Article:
Charley is the black miniature poodle who is treated by both Mom and Dad as their third child. The only boy.

“Ole Charley needs to go to the vet for his rabies vaccination,” Dad mentions. His casual words are a mistake, causing Mom to ask again and again what rabies is and does Charley have it and when can we take him to the doctor.

“I don’t want to talk about anything any more,” Dad tells me later. “Everything I bring up scares her.” He puts his elbows on the table and bends his face down into his palms. Talking is all they have.

My fear is wide and deep. I know that, when we see the doctor, I must confront him with the truth about Mom’s mental status. But Dad wants me to be quiet. Maybe there’s no problem, he tells me. If there is, the doctor will discover it on his own. That kind of thinking is, I know, almost as irrational as some of the scenarios Mom comes up with.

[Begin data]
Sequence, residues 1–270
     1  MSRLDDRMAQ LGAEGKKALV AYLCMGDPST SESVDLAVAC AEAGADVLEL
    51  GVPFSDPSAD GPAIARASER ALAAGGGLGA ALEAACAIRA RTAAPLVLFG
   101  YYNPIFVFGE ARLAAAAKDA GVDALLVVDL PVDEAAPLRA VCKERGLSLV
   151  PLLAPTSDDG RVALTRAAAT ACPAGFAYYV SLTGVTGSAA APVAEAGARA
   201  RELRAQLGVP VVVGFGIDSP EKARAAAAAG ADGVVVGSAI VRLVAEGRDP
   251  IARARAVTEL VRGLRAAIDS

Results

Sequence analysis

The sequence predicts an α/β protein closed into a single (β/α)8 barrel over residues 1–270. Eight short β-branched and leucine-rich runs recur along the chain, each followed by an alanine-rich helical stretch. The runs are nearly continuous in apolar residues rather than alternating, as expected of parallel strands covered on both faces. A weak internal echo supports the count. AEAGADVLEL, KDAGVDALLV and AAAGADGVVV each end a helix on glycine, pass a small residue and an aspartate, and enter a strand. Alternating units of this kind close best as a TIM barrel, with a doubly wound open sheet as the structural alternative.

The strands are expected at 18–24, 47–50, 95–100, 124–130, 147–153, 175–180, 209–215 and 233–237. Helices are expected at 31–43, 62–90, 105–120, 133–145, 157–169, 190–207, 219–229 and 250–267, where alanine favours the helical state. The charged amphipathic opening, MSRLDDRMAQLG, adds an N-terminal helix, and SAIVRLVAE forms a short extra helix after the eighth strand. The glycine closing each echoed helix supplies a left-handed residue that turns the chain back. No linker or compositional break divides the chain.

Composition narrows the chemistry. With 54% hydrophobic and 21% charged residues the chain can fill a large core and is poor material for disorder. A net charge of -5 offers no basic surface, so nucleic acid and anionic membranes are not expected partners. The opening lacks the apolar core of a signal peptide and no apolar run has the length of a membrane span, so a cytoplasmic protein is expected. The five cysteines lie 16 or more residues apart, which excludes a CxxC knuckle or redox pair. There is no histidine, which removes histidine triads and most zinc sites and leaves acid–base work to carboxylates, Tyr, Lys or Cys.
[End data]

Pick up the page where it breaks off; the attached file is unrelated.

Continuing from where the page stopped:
I will do what I must do, but I fear Dad’s anger. Maybe he’ll tell me to go on, go home, don’t bother trying to help. Maybe he’ll be hurt because I didn’t trust him to know what’s best. I fear causing him more pain. I fear losing his love.

Mom is afraid of things that won’t happen. Dad’s afraid of things that will almost surely come to pass. I’m afraid I can’t rescue either of them, or even myself.

Fear paralyzes us all. And we let it.

Mom has no choice, but Dad and I allow fear to win. Dad and I have choices. Why don’t we see them?

The first choice we must make is to consciously break free of the narrow, dark tunnel of fear. How? Replace fearful thoughts with hopeful ones.

Joy is alive in this house.

I can broaden my vision.

I can focus on light, not darkness.